Sunday, September 11, 2016

One Foolproof Recipe for No-Cry Brussels Sprouts

Brussels sprouts are one of those vegetables that people either love or hate. Some people see them as delicious, sweet leafy greens chock full of vitamins. Others see them as earwax flavored mini cabbages that are best for compost. Whether you're a lover or a hater, you probably have a vegetable like this in your family.

I am a lover, and my wife was a hater. When we first got married, I suggested that we have Brussels sprouts for dinner. My wife gave me a face that showed me that I may have crossed a line that a newlywed should not cross. I pressed on, and told her that maybe she didn't have them prepared the right way. She gave me my one chance. I steamed some Brussels sprouts, added a lot of butter and salt, and held my breath. She took one bite, and I knew that I had won her over.

Now we often roast our Brussels sprouts (and other veggies) with oil and salt, which makes them even tastier. But whenever we have them, it is hit or miss whether or not the kids will eat them.

So last night at dinner, Little E dug his heals in and decided that he was just going to eat his hotdog and not his Brussels sprouts. And then, in a fit of silliness, he put some ketchup on them. Julia Childs, I bet you wish you came up with that one.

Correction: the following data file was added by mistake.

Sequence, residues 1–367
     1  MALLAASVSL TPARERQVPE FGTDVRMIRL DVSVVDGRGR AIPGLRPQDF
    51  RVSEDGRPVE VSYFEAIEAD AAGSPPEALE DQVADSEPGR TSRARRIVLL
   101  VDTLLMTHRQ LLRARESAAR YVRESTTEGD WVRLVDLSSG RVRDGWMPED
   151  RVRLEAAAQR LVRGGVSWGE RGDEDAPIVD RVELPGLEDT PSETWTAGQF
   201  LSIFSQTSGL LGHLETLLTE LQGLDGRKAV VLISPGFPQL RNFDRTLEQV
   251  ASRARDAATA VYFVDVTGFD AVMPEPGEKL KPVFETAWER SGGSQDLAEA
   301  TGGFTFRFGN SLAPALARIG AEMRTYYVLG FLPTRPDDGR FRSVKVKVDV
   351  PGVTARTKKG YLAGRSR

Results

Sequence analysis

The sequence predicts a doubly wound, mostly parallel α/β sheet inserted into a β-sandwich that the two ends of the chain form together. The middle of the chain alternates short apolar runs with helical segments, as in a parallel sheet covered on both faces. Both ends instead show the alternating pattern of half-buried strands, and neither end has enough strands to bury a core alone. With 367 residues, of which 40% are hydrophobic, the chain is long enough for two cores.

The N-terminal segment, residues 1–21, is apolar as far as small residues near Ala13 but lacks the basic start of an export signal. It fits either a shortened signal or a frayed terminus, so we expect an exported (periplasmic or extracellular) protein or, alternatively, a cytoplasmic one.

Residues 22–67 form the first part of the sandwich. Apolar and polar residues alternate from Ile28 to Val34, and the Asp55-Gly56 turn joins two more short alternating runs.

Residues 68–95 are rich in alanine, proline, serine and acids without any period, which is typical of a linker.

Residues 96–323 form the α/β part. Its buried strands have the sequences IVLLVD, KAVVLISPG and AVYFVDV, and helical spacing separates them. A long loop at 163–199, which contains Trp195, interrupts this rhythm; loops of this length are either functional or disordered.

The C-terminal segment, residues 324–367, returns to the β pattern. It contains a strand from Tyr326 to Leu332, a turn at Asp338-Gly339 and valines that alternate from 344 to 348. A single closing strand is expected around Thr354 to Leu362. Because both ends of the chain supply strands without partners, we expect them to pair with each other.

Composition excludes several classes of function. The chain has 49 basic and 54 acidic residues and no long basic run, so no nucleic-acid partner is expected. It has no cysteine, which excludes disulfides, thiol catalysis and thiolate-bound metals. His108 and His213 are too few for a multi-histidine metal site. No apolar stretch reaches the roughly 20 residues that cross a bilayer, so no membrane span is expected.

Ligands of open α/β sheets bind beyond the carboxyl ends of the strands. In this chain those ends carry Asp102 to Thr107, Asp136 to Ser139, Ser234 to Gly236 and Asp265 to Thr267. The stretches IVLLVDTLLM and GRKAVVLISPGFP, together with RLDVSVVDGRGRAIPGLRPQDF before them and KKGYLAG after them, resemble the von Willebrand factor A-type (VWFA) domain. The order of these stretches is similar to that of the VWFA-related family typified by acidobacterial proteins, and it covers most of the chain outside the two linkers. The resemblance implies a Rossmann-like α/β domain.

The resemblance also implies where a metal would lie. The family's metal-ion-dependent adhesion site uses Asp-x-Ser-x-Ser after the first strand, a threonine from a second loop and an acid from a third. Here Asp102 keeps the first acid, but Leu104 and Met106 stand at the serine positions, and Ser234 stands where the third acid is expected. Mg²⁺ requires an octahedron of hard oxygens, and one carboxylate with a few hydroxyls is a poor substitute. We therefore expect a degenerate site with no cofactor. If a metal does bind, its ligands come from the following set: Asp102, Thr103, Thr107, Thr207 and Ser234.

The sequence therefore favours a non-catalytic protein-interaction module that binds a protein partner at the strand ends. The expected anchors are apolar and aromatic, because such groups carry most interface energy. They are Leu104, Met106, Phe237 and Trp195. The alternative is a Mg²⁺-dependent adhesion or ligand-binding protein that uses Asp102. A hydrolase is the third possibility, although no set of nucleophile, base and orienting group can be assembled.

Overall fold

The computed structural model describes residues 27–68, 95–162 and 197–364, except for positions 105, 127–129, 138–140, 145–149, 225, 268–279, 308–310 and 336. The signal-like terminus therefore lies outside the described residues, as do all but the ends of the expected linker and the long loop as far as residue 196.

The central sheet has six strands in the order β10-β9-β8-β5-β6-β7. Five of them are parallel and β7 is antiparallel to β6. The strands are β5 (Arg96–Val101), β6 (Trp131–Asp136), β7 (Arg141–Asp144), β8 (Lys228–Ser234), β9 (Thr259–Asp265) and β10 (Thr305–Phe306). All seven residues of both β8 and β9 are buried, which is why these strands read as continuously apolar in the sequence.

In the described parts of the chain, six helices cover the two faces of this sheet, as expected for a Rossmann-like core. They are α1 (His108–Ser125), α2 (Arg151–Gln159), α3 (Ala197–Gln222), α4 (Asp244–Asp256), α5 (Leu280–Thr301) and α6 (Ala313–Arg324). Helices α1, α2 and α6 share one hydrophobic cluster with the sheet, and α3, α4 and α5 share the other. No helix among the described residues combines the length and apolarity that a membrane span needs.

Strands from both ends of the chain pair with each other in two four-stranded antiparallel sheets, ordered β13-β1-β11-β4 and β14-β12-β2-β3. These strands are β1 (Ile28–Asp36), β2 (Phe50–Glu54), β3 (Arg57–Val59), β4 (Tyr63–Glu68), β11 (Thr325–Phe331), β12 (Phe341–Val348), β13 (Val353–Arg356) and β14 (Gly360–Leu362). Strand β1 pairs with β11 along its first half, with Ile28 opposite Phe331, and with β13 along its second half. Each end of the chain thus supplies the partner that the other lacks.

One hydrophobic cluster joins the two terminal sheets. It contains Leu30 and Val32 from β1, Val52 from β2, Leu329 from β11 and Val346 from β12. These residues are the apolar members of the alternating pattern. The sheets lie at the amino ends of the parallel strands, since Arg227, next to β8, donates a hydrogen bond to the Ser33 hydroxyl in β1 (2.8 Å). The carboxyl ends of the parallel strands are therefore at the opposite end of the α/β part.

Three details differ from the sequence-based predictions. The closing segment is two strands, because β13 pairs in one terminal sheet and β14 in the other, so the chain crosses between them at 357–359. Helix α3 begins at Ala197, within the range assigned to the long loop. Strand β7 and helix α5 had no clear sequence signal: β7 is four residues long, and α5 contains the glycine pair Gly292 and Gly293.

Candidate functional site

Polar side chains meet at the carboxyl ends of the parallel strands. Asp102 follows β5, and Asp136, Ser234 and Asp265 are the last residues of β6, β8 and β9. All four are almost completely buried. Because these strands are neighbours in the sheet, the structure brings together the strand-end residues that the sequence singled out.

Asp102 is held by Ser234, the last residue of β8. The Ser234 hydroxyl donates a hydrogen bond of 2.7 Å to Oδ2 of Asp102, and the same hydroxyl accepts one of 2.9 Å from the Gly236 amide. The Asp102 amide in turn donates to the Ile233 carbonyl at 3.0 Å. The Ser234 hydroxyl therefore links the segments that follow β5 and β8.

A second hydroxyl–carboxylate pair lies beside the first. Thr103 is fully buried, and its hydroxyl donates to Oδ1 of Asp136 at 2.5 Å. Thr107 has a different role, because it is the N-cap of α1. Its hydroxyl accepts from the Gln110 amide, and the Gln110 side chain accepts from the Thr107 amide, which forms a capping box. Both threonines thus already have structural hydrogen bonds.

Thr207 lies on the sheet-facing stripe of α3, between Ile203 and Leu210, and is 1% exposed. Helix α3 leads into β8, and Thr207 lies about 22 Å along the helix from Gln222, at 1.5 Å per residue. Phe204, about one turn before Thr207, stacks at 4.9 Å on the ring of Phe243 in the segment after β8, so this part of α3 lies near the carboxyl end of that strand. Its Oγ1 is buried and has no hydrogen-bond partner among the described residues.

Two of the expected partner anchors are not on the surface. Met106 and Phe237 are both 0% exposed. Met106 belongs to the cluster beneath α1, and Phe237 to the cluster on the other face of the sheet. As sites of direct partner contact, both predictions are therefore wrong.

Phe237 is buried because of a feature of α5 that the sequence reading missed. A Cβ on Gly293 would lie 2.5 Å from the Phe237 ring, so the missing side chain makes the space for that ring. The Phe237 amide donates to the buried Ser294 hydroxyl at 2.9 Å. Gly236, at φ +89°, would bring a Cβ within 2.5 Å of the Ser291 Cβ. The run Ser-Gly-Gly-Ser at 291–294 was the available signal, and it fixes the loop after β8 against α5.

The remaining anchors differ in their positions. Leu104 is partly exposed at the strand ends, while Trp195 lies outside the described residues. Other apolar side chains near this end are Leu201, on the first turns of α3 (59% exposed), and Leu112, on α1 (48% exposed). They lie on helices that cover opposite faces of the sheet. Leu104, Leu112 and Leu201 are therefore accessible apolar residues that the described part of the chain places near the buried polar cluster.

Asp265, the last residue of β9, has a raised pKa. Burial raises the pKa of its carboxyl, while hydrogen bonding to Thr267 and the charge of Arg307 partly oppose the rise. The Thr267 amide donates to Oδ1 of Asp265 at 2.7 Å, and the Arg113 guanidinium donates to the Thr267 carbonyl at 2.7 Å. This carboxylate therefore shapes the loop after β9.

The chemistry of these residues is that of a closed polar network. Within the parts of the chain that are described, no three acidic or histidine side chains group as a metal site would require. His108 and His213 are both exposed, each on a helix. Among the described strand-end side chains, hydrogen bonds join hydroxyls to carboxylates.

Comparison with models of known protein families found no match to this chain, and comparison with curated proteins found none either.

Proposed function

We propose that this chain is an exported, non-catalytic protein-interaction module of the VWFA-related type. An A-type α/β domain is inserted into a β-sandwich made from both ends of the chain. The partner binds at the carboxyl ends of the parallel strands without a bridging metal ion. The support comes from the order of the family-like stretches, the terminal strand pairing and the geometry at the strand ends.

When he got a laugh from his sisters, he popped them in his mouth and asked if he could have some more. His sisters promptly followed suit, and the next thing I knew, I now had to compete with three more family members to make sure I got all that I wanted. Who knew that a little ketchup would turn our kids into ravenous Brussels sprout monsters?

So let me back up a little bit. When Little E first put ketchup on his veggies, I wanted to tell him to stop. I didn't want him messing up something that I would end up eating at the end of dinner. However, I quickly realized that if I had stopped him, I would have prevented him from eating his Brussels sprouts. He tricked himself into eating them using a method that I never would have thought of. And, subsequently, his sisters followed suit.

I will have to remember this in the future when there is something that my kids won't eat (not that there is a lot that they don't eat). Silliness seems to help those types of food go down. Whether it is mashed potatoes with sprinkles, or Brussels sprouts with ketchup, or some other bizarre, random combination, maybe a spoon full of silly helps the vegetables go down.

And I may need to add this to the list of no fight ways to get kids to eat vegetables.


  1. You mean there is a way to compete with your kids for vegetables? I just need to hide the ketchup. Who knew.

  2. This is too funny! Now I know I'm not the only one who dumps ketchup/BBQ sauce on stuff I don't like ... which is pretty much all veggies. - Dí Bauer